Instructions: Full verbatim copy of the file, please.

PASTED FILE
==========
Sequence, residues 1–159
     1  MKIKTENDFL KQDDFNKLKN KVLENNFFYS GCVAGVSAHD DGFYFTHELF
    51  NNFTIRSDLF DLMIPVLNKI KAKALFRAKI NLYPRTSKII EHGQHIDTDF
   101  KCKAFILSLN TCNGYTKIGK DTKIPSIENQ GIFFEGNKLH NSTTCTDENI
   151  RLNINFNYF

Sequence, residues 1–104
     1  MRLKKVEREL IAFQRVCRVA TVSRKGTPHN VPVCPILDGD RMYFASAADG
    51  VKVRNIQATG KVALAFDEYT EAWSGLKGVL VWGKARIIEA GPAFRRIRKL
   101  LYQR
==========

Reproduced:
Sequence, residues 1–159
     1  MKIKTENDFL KQDDFNKLKN KVLENNFFYS GCVAGVSAHD DGFYFTHELF
    51  NNFTIRSDLF DLMIPVLNKI KAKALFRAKI NLYPRTSKII EHGQHIDTDF
   101  KCKAFILSLN TCNGYTKIGK DTKIPSIENQ GIFFEGNKLH NSTTCTDENI
   151  RLNINFNYF

Sequence, residues 1–104
     1  MRLKKVEREL IAFQRVCRVA TVSRKGTPHN VPVCPILDGD RMYFASAADG
    51  VKVRNIQATG KVALAFDEYT EAWSGLKGVL VWGKARIIEA GPAFRRIRKL
   101  LYQR